Al Gore pulled an old play out of his Clinton-era book of political tricks, in an interview with the New York Observer last week.
The reason he and his Democratic Party cronies are having a tough time lately, he explains, is because of a vast, right-wing media conspiracy against them.
No, he didn’t use exactly those words, as Hillary Clinton had six or seven years ago. But his take is pretty close. Same play, new spin.
“The media is kind of weird these days on politics, and there are some major institutional voices that are, truthfully speaking, part and parcel of the Republican Party,” he said. “Fox News Network, the Washington Times, Rush Limbaugh – there’s a bunch of them, and some of them are financed by wealthy ultra-conservative billionaires who make political deals with Republican administrations and the rest of the media. … Most of the media [has] been slow to recognize the pervasive impact of this fifth column in their ranks – that is, day after day, injecting daily Republican talking points into the definition of what’s objective as stated by the news media as a whole.”
He said it. I’m not kidding. It’s no joke.
Al Gore honestly believes that the media are stacked against the Democrats – against bigger government, against taxing and spending, against more Washington control over the people. At least he says it with a straight face. Who knows what he really believes?
If all this sounds similar to Hillary’s old “vast, right-wing media conspiracy” chatter, that’s because it is. Listen as Gore explains how the “communication stream of conspiracy commerce,” to borrow another Clinton phrase, works in 2002:
“Something will start at the Republican National Committee, inside the building, and it will explode the next day on the right-wing talk-show network and on Fox News and in the newspapers that play this game, the Washington Times and the others,” he says. “And then they’ll create an echo chamber, and pretty soon they’ll start baiting the mainstream media for allegedly ignoring the story they’ve been pushing into the zeitgeist. And then pretty soon the mainstream media goes out and disingenuously takes a so-called objective sampling, and lo and behold, these RNC talking points are woven into the fabric of the zeitgeist.”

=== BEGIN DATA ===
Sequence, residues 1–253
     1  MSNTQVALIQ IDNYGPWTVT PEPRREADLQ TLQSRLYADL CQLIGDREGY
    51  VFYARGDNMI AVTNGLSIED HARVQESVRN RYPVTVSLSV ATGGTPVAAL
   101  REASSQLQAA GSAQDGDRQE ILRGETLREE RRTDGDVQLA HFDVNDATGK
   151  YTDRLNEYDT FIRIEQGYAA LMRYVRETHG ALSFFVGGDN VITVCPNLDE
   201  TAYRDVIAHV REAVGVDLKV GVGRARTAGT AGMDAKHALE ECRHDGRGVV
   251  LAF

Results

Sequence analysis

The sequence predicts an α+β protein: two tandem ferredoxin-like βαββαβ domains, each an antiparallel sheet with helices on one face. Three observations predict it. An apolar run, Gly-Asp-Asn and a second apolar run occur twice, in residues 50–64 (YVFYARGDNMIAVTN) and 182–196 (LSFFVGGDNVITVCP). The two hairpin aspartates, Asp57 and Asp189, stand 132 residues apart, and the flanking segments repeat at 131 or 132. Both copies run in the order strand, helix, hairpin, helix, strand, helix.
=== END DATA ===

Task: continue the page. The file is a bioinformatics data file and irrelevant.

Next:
Some time back in 1994 or 1995, Bill and Hillary Clinton dreamed up the idea of blaming their political and personal problems on the media – “the vast, right-wing media conspiracy,” if you can believe it.
Their nightmare scenario was chronicled in a 331-page report co-published and distributed, at taxpayer expense, by the Democratic National Committee and the White House counsel’s office. The report was titled, “The Communication Stream of Conspiracy Commerce.”
This was a report distributed to select U.S. reporters in an effort to discredit a new breed of investigative journalists digging into what was already emerging as the most scandal-plagued administration in the history of the United States.
Let me quote from the opening lines of the report that placed yours truly at the center of the storm:
“The Communication Stream of Conspiracy Commerce” refers to the mode of communication employed by the right wing to convey their fringe stories into legitimate subjects of coverage by the mainstream media. This is how the stream works. First, well-funded right-wing think tanks and individuals underwrite conservative newsletters and newspapers such as the Western Journalism Center, the American Spectator and the Pittsburgh Tribune-Review.
Next the stories are reprinted on the Internet where they are bounced all over the world. From the Internet, the stories are bounced into the mainstream media through one of two ways: 1) The story will be picked up by the British tabloids and covered as a major story, from which the American right-of-center mainstream media (i.e. the Wall Street Journal, Washington Times and New York Post) will then pick the story up; or 2) The story will be bounced directly from the Internet to the right-of-center mainstream American media.
After the mainstream right-of-center American media covers the story, congressional committees will look into the story. After Congress looks into the story, the story now has the legitimacy to be covered by the remainder of the American mainstream press as a “real” story.
Now, this wholly unbelievable conspiracy theory is back.
Yes, forget about the New York Times. Forget about USA Today. Forget about the Washington Post and the Los Angeles Times and NBC and ABC and CNN. Forget about the Associated Press and Dan Rather. Forget about all of the political partisans of the establishment press and their extreme biases for bigger government and the politically correct social policies Al Gore favors. Forget all about that.
That’s the kind of forgetfulness required to believe Al Gore.